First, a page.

Clinical Pearls & Morning Reports
Published June 6, 2018
Dry eye disease is an umbrella term that covers a host of symptoms and signs associated with compromised ocular lubrication — that is, reduced quality or quantity of tears on the ocular surface. The diagnosis of dry eye is complicated by an inconsistent correlation between reported symptoms and observed signs. This discrepancy can be largely explained by the lack of consistent results of commonly used clinical tests, the natural variability of the disease process, the subjective nature of symptoms, and individual variations in pain thresholds and cognitive responses to questions about ocular sensation. Read the latest NEJM Review Article here.
Q: What are the components of the tear film that coats the eye?
A: The tear film that coats the eye consists primarily of aqueous, lipid, and mucin components. The lacrimal glands produce the aqueous portion, which is enriched with a complex mixture of electrolytes, enzymes, antibodies, vitamins, antimicrobial proteins, and other substances. The lipids are produced by the meibomian glands, which are modified sebaceous glands along the eyelid margin. Mucins (i.e., gelatinous glycoproteins) are produced by conjunctival goblet cells.
Q: What symptoms are associated with dry eye?
A: A frequent component of dry eye is ocular pain, which is often accompanied by light sensitivity, foreign-body (debris) sensation, dryness, and irritation. Patients often report pain evoked by exposure to wind, light, and temperature extremes. Corneal neuropathic pain can be severe and can be characterized as a burning or stinging sensation, sharp pain, or a dull ache. These perceptions most likely result from dysfunctional nerves in the richly innervated cornea. Visual symptoms, notably fluctuating or blurry vision, can be another consequence of dry eye.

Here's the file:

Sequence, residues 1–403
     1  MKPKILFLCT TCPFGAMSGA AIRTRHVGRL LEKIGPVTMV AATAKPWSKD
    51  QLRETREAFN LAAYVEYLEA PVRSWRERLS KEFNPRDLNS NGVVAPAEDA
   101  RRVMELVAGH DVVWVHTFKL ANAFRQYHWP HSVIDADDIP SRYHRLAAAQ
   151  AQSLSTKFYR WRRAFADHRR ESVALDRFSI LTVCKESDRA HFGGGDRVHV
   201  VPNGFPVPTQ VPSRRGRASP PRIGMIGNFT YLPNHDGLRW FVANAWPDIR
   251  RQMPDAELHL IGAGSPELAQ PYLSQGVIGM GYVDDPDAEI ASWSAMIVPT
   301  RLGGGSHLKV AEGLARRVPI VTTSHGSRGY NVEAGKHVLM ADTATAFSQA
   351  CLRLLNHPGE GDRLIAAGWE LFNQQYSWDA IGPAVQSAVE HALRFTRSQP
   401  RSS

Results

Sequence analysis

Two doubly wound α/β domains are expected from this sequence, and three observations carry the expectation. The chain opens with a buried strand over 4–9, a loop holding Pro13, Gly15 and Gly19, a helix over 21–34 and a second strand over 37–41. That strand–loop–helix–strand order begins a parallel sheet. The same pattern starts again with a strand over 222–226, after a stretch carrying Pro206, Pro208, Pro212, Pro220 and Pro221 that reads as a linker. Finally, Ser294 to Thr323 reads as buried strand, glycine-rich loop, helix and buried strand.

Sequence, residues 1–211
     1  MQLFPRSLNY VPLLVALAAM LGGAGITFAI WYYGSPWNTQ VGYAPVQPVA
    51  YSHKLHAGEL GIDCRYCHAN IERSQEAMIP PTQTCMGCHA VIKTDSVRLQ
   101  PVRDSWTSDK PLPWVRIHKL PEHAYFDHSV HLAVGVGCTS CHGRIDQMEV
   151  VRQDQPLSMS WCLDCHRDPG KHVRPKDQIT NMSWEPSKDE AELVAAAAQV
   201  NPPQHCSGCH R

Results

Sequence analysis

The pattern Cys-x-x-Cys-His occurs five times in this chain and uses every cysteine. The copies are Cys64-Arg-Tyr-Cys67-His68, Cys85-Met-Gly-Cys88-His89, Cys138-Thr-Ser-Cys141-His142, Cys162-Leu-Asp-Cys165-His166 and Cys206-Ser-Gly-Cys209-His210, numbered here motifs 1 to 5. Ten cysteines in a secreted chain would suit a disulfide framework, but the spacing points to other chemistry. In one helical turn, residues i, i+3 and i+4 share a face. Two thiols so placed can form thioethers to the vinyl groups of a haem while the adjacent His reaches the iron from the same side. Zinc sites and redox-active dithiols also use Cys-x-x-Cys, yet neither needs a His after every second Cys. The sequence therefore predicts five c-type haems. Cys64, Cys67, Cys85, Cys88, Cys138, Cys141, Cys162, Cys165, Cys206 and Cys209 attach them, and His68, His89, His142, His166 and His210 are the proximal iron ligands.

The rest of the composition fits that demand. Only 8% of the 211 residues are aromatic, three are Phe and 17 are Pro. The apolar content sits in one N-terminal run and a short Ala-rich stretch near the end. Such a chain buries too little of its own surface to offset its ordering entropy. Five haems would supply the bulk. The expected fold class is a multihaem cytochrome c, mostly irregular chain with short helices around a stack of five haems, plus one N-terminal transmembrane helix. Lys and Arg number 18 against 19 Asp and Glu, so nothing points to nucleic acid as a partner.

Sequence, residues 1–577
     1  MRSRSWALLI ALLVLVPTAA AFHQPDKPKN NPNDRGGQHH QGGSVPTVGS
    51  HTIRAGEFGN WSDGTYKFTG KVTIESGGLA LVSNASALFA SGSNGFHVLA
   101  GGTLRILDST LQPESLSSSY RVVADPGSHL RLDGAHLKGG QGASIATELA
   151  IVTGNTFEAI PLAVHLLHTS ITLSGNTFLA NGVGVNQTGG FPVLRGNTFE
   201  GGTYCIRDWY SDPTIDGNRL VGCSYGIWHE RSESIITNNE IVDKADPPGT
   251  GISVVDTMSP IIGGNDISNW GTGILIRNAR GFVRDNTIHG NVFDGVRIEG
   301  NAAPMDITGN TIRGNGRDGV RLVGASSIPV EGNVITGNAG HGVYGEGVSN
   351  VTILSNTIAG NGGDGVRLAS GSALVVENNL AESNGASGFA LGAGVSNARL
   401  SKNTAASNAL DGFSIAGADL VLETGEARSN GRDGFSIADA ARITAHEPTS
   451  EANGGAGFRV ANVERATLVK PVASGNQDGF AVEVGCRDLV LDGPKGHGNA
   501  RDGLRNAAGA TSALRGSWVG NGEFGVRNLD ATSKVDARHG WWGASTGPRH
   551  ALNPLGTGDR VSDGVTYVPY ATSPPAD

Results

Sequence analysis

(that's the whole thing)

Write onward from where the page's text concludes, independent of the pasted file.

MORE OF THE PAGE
A: Dry eye has many causes, which often overlap and interact. Autoimmune diseases, including rheumatoid arthritis and systemic lupus erythematosus, can cause dry eye. Furthermore, treatments for these diseases, including methotrexate and cyclophosphamide, can also cause or exacerbate dry eye. Sjögren’s syndrome is characterized by dry eye and dry mouth. Disorders such as conjunctival chalasis and eyelid laxity (i.e., the floppy eyelid syndrome), can lead to symptoms of dry eye. Conditions that affect muscular control of the face, such as stroke, injury, or Bell’s palsy, can impair eyelid closure, resulting in lagophthalmos and leading to an extreme form of evaporative dry eye called exposure keratitis. Similarly, any condition (e.g., Parkinson’s disease) or situation (e.g., prolonged screen viewing [on a computer, cell-phone, or television, for example]) that reduces the blink rate can increase the risk of dry eye by promoting tear evaporation. Obstructive meibomian gland dysfunction alters the lipid constitution of the tears and is the most common cause of evaporative dry eye. Dry eye affects about half of patients with chronic graft-versus-host disease. Many systemic drugs have been reported to trigger dry eye.
A: In July 2016, the Food and Drug Administration (FDA) approved 0.5% lifitegrast ophthalmic solution (Xiidra) for treating signs and symptoms of dry eye disease. Applied topically as one drop twice daily, this medication is the first in a new class of drugs, called lymphocyte function–associated antigen 1 (LFA-1) antagonists. The second of two drugs approved by the FDA for dry eye disease, this medication is a welcome addition to the clinical armamentarium and a source of new hope for affected patients. Unlike topical lubricants, the two FDA-approved therapies for dry eye (Restasis and Xiidra) must be administered for a period of up to several months to achieve therapeutic effects.